This invention facilitates collection, storage, concentration, and drying of liquid or mixed liquid/solid waste material. The invention may serve as a portable toilet or may be used to dry biological specimens or concentrate water samples for analysis. It can replace diapers, special plastic bags, and airflow waste disposal systems used in space missions. The resulting products are clean, but not potable, water and dried, compacted, bagged material that may be human waste or other matter. The bag simplifies collection and reduces disposal cost.

It may be set up with a membrane-lined bag with several sealed and one unsealed edges. One sealed edge has a vacuum source connected to a port. A first end of the port includes a spacer mechanism holding it away from adjacent portions of the inner layer so that the vacuum force created at the first end of the port reaches most of the inner layer. The inner bag includes a liquid-impermeable and vapor-impermeable outer layer, and a liquid-impermeable but vapor-permeable inner layer membrane. Activation of the vacuum source causes the vapors to pass through the membrane liner. Liquid components of the waste solids within the bag may be vaporized and transported across the membrane. Waste solids then remain partly dried in an inner layer, or the membrane. Solids are thereby trapped and sealed in the bag while the vapors pass through the membrane and are then received by an outer bag, i.e., the membrane and the bag outer layer.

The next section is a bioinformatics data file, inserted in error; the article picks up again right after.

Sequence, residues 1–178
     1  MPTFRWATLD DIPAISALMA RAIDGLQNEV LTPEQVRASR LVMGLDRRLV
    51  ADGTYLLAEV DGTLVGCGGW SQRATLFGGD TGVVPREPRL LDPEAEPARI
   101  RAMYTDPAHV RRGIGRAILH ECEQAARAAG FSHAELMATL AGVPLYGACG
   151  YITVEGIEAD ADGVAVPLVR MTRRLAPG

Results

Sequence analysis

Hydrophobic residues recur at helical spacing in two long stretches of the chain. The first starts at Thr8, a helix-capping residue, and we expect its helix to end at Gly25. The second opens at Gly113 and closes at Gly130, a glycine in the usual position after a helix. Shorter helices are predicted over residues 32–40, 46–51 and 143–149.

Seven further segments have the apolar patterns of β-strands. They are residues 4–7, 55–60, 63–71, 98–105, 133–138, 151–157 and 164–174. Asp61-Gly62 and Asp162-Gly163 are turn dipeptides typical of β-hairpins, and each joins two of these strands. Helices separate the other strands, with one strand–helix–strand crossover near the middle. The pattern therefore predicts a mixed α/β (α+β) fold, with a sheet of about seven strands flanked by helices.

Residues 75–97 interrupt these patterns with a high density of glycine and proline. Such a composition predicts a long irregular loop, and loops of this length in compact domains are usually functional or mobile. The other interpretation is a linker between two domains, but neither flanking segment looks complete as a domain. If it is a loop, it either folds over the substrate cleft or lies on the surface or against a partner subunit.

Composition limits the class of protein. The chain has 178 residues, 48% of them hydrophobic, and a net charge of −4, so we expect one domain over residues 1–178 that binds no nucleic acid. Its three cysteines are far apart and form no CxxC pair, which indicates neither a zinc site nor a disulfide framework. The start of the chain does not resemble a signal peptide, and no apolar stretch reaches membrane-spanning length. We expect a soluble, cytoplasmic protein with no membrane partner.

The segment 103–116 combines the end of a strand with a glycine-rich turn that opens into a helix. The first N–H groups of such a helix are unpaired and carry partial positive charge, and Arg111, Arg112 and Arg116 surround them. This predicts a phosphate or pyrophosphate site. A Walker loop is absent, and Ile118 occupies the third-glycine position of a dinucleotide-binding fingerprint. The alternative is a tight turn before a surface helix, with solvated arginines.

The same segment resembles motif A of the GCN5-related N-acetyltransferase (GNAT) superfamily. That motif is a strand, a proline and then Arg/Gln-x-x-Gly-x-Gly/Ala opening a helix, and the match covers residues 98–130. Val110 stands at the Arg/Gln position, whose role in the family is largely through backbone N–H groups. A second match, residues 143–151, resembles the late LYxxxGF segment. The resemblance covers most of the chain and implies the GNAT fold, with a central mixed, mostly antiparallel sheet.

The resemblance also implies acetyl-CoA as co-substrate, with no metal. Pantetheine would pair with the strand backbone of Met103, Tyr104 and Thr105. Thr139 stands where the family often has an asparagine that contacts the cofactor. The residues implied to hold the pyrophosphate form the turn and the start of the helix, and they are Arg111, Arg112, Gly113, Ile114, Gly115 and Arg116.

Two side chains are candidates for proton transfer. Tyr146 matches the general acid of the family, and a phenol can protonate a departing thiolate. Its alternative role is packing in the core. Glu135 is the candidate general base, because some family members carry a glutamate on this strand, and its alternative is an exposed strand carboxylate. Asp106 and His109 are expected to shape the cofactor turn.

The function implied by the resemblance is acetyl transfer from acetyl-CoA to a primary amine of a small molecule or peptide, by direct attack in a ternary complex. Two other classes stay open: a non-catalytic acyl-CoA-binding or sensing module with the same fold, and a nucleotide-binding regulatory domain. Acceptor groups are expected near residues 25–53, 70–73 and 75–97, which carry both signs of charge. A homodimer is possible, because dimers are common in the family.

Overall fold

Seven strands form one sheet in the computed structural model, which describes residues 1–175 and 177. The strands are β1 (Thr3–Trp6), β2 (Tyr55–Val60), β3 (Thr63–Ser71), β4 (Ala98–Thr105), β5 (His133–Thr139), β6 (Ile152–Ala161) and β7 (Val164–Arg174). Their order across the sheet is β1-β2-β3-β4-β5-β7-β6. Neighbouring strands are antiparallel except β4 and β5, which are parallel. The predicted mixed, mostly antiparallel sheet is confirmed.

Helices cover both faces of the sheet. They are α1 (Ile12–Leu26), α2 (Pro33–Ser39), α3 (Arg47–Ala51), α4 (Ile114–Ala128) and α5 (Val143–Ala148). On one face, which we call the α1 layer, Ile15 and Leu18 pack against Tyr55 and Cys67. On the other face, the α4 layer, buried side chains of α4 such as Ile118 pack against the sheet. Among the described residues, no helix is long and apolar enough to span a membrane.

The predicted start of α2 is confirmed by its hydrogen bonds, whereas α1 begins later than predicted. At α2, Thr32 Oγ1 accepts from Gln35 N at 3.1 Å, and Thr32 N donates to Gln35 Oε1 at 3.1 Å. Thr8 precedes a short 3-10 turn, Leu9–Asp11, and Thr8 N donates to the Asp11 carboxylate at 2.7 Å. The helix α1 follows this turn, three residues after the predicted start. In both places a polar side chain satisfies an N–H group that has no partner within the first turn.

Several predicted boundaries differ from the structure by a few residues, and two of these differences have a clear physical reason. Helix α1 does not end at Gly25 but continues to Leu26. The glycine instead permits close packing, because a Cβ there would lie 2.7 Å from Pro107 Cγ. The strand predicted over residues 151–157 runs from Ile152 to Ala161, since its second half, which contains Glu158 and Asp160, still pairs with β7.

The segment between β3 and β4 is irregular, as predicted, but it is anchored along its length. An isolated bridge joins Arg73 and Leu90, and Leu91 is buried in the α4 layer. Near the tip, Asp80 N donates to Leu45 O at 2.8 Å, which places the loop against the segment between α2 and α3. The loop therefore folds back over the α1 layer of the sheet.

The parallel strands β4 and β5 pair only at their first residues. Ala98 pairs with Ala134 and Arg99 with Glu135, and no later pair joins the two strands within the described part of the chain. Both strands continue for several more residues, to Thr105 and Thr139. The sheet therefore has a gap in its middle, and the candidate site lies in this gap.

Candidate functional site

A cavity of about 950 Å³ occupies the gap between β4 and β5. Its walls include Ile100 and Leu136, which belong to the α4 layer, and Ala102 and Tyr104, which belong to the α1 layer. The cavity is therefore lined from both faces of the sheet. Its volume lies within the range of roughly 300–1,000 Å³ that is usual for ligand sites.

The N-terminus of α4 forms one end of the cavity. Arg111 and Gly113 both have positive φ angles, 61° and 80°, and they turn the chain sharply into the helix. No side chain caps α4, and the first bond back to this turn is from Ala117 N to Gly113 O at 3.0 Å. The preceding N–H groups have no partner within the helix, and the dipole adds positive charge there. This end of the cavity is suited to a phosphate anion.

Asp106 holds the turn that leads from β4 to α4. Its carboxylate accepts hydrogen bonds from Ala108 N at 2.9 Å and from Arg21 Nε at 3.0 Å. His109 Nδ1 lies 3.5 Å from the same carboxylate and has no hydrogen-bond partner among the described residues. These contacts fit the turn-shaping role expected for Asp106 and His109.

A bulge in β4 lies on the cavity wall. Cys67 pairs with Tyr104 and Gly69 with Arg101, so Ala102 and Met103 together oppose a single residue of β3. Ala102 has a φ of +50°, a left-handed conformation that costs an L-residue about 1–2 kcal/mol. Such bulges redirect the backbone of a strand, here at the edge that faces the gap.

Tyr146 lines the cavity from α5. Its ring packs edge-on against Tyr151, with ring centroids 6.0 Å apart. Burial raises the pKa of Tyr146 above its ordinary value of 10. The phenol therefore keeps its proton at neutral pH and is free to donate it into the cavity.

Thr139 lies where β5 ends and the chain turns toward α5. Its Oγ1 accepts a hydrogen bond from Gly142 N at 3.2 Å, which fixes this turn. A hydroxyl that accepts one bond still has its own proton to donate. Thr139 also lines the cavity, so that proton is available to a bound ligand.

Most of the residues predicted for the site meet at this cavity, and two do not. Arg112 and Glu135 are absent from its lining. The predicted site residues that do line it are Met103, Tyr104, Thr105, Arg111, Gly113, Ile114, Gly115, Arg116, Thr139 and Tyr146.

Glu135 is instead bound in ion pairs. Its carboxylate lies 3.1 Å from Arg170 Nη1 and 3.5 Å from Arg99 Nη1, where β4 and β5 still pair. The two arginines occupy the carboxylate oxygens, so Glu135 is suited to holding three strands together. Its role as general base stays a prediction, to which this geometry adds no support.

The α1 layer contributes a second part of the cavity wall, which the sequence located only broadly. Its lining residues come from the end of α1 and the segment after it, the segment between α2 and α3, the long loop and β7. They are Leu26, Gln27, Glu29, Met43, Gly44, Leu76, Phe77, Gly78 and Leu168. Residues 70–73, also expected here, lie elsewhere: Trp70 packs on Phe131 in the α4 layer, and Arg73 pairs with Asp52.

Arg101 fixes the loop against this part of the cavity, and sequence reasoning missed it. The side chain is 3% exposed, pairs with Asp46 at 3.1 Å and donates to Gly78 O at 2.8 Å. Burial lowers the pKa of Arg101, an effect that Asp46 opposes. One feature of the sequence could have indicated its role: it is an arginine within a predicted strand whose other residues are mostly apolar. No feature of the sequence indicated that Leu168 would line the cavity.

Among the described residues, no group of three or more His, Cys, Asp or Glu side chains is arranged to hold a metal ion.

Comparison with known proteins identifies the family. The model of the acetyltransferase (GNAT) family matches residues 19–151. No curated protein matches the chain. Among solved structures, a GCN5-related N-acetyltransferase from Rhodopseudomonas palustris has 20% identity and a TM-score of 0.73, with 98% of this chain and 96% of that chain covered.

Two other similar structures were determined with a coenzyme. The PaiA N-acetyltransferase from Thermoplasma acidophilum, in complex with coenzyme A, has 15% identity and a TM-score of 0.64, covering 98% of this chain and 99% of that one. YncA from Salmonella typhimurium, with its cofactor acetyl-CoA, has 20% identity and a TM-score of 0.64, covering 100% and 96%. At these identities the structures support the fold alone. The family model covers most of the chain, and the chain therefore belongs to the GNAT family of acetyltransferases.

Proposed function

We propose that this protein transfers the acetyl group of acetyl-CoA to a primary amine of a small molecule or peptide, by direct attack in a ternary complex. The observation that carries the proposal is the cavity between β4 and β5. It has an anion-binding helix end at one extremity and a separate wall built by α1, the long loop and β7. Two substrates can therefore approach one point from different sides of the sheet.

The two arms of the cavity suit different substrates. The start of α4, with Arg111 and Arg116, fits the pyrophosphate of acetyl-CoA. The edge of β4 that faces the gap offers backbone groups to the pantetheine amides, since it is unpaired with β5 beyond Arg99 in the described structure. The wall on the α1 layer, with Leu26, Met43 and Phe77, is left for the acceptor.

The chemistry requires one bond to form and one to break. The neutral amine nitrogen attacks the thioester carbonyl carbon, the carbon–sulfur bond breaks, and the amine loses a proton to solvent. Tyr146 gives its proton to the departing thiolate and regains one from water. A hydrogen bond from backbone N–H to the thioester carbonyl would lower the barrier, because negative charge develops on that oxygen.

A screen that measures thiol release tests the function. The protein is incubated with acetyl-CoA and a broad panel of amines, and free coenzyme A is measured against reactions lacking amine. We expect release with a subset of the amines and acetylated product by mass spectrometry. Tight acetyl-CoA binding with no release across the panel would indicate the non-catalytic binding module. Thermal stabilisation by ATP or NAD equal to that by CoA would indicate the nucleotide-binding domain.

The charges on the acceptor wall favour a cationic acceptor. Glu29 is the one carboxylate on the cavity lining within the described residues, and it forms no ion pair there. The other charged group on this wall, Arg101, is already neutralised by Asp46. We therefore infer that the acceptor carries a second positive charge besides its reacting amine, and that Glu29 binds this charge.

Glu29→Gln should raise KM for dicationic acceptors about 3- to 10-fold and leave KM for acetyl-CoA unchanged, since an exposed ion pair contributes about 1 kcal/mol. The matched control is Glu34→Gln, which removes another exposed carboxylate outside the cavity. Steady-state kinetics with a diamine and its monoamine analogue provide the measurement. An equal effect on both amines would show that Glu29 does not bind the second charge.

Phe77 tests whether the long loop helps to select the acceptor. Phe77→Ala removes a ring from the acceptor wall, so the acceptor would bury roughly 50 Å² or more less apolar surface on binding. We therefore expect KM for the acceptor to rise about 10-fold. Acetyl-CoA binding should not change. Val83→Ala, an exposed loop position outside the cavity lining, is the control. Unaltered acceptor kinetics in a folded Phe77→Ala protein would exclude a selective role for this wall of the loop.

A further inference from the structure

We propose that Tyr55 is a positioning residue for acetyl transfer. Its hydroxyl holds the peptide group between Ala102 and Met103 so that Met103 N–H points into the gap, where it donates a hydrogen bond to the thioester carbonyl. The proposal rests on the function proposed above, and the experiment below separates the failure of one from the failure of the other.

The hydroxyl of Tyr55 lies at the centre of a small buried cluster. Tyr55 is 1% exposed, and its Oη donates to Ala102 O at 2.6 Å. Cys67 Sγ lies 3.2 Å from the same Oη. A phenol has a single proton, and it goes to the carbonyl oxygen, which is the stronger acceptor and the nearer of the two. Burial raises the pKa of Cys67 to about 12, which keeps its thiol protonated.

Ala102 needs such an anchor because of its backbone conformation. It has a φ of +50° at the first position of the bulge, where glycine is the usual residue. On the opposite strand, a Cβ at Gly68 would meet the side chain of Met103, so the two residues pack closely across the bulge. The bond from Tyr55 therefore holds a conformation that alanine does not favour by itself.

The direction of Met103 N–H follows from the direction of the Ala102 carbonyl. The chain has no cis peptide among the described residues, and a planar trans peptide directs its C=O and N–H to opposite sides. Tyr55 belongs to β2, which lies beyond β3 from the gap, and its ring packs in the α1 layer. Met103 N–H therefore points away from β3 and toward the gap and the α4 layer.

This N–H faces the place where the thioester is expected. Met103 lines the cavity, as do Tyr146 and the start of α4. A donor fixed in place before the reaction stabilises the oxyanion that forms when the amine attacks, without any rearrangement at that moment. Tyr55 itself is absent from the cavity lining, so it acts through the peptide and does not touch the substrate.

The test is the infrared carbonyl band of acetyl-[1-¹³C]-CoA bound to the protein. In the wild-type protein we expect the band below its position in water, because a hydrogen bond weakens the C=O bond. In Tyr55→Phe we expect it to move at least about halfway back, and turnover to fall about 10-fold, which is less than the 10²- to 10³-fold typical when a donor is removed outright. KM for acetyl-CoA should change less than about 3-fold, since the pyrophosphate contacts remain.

This work was done by Eric Litwiller, John A. Hogan, and John W. Fisher of Ames Research Center. NASA invites companies to inquire about partnering opportunities and licensing this patented technology. Contact the Ames Technology Partnerships Office at 1-855-627-2249 or This email address is being protected from spambots. You need JavaScript enabled to view it.. Refer to ARC-15900-1.

NASA Tech Briefs Magazine

This article first appeared in the October, 2015 issue of NASA Tech Briefs Magazine.

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